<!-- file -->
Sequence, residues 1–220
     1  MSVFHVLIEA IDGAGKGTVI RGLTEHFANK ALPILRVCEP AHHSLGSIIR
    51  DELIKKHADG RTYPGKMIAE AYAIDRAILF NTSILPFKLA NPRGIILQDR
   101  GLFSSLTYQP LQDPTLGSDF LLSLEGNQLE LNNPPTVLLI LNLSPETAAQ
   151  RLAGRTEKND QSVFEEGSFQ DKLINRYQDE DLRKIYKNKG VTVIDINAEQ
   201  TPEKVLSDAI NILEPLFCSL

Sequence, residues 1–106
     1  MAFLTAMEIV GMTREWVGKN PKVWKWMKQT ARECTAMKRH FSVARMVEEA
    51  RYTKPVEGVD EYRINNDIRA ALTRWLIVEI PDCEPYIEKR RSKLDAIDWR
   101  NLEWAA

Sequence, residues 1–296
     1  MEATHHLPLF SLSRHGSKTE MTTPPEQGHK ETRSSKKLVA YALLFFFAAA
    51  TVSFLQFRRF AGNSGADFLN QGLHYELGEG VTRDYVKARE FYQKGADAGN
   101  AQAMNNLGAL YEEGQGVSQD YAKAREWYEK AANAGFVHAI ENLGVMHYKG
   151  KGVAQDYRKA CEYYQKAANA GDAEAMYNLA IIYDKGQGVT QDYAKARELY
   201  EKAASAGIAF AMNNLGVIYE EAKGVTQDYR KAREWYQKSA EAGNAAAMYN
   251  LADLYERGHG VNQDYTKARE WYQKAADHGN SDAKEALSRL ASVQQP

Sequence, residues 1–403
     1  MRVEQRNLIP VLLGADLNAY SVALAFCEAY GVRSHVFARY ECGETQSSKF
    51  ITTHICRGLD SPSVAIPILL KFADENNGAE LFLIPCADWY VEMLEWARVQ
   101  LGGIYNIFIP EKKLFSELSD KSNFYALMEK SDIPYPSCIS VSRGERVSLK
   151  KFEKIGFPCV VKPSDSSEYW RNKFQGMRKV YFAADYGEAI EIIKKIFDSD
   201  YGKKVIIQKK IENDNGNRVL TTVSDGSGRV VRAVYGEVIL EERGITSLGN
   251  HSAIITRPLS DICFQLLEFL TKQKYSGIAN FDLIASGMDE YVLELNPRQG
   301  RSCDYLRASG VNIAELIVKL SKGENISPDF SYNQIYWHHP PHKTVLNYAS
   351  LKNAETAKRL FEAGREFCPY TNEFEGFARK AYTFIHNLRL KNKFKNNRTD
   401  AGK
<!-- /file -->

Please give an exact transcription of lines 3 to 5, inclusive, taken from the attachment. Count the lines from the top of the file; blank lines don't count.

    51  DELIKKHADG RTYPGKMIAE AYAIDRAILF NTSILPFKLA NPRGIILQDR
   101  GLFSSLTYQP LQDPTLGSDF LLSLEGNQLE LNNPPTVLLI LNLSPETAAQ
   151  RLAGRTEKND QSVFEEGSFQ DKLINRYQDE DLRKIYKNKG VTVIDINAEQ